we ask inspiring Painter Victor Schegin “Seehund ART” questions about art and life. Who are you and what do you do? I’m Victor Schegin, a young French… Read more “Q&A with Inspiring Painter Victor Schegin”
Paul Kolker (b. 1935) is a New York-based artist with doctorate degrees in medicine and law. He is Fellow American College of Surgeons, Fellow American College of Legal Medicine and Emeritus Chief of Cardiothoracic Surgery at Northwell Glen Cove Hospital, having practiced cardiothoracic surgery on Long Island from 1969 to 2013. In October 2001 Kolker moved his Long Island studio to his current address in the Chelsea art district so that he could produce his works and curate his exhibitions as an experiment in perception. His studio and gallery have together become his laboratory in which the viewer is the measuring instrument for Kolker’s art as a perceptual experiment; therefore linking Kolker’s curation and exhibition with his art production. Gesundheit Reimagined! is Kolker’s sixtieth solo exhibition.
Paul Kolker: Gesundheit Reimagined! is on view from September 28 through November 10, 2017, at the Paul Kolker collection, 511 West 25th Street in Chelsea, adjacent to the Highline between Tenth and Eleventh, Avenues. Also on view at 600 Third Avenue is Abstract Decalcomania… An ExperiHighlinePerception.
Address: 564 W 25th St, New York, NY 10001
Video Link: https://youtu.be/W4HdG_ynBks
Artist: CATHERINE MACKEY
Exhibition Title: Taking Measure (Celebrating the City)
Exhibition Dates: Oct 5 -17, 2017
Gallery Link: http://stricoff.com/catherine-mackey/
Walburga/Wally Neuzil was not only Egon Schiele’s model from early 1911 but also his girlfriend and faithful companion until the spring of 1915. Having started out as one of many models, she soon played a key role in Schiele’s life and works. Schiele created himself, his vision of an artist, through his works, while Wally revealed to him a world that was indispensable for this development – an open sexuality that had progressed from the constraints and dangers encountered by adolescents towards an emotionality enjoyed on an equal footing, an ability to have relationships and with it a more stable, reliable self.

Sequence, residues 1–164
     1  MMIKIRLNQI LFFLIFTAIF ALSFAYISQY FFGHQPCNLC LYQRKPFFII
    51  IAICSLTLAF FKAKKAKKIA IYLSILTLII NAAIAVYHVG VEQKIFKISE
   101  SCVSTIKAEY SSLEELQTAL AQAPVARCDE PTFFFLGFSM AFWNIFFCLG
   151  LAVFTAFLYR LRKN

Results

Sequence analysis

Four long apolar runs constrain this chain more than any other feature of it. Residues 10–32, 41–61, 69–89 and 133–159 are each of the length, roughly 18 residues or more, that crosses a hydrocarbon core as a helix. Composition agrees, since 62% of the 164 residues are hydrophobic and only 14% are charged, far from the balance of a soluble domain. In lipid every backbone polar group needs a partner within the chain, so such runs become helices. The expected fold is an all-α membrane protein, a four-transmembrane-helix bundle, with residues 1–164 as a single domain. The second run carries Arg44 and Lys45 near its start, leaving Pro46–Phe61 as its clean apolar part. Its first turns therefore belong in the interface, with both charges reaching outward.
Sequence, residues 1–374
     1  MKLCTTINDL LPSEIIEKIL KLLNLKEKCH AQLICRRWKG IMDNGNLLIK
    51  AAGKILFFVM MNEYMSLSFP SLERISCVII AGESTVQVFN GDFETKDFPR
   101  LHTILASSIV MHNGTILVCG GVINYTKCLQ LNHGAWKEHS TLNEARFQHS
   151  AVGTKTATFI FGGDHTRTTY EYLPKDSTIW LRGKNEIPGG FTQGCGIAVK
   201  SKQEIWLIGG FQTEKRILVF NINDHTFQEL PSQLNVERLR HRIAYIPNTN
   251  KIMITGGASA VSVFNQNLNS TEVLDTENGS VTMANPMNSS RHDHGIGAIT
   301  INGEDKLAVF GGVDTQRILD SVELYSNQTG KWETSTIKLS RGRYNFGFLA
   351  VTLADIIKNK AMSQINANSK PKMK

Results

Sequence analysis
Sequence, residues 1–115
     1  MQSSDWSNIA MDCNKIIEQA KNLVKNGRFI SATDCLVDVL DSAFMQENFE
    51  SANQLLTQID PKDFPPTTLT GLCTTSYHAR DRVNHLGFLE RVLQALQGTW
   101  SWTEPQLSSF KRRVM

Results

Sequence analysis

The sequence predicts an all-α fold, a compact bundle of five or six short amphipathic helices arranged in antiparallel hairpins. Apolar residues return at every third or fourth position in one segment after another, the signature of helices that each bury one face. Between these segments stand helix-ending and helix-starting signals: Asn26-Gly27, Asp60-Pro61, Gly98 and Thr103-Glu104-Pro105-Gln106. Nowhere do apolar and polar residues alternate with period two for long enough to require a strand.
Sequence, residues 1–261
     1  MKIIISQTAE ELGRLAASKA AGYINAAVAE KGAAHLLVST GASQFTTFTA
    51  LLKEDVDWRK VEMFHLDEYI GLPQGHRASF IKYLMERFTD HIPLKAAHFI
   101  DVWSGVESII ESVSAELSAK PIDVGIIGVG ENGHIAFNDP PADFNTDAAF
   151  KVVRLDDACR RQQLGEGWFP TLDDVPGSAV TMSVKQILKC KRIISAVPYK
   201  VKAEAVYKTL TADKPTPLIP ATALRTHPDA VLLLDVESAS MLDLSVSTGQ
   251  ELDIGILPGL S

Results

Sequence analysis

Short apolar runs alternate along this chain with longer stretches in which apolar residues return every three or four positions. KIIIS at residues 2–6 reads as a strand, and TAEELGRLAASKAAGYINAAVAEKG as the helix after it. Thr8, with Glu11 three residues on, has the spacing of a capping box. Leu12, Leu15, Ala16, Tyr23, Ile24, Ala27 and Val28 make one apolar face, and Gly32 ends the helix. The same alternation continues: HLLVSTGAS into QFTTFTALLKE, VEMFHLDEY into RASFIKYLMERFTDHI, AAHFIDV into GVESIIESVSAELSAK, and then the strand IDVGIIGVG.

While she modeled for Schiele, Wally was also working as a sales assistant, a cashier and mannequin at a clothing store. Together with Schiele she moved to Krumau in the spring of 1911 and visited him in Neulengbach. She stood by him during his time in prison in April 1912, trusted in his integrity and provided active support throughout this crisis. Until early 1915 she remained the person the artist related to most closely.
Diego Rivera, Calla Lilly Vendor (Vendedora de Alcatraces), 1942, oil on masonite, (Banco Nacional de Mexico, Mexico City) Speakers: Dr. Beth Harris and Dr. Steven Zucker.
YouTube Channel: Smarthistory. art, history, conversation.
Stuart Davis American, 1892–1964
Stuart Davis (December 7, 1892–June 24, 1964), was an early American modernist painter. He was well known for his jazz-influenced, proto pop art paintings of the 1940s and 1950s, bold, brash, and colorful, as well as his Ashcan School pictures in the early years of the 20th century. With the belief that his work could influence the sociopolitical environment of America, Davis’ political message was apparent in all of his pieces from the most abstract to the clearest. Contrary to most modernist artists, Davis was aware of his political objectives and allegiances and did not waver in loyalty via artwork during the course of his career. By the 1930s, Davis was already a famous American painter, but that did not save him from feeling the negative affects of the Great Depression. No one was exempt from the effects of the Great Depression and led to Stuart Davis being one of the first artists to apply for the Federal Art Project. Under the project, Davis created some seemingly Marxist works; however, Davis was too much of an independent person and thinker to fully support Marxist ideals and philosophies. Despite several works that appear to be nondemocratic or push Marxist views, Davis’ roots in American optimism is apparent throughout his lifetime.
Originally a magazine illustrator, Davis seriously turned to painting after viewing the Armory Show of 1913. His works featured banal images (a cigarette packet, signs, notices), altered with strong colors and words in script, suggesting the rhythm of an urban environment suffused with jazz
YouTube Channel: Tuen Tony Kwok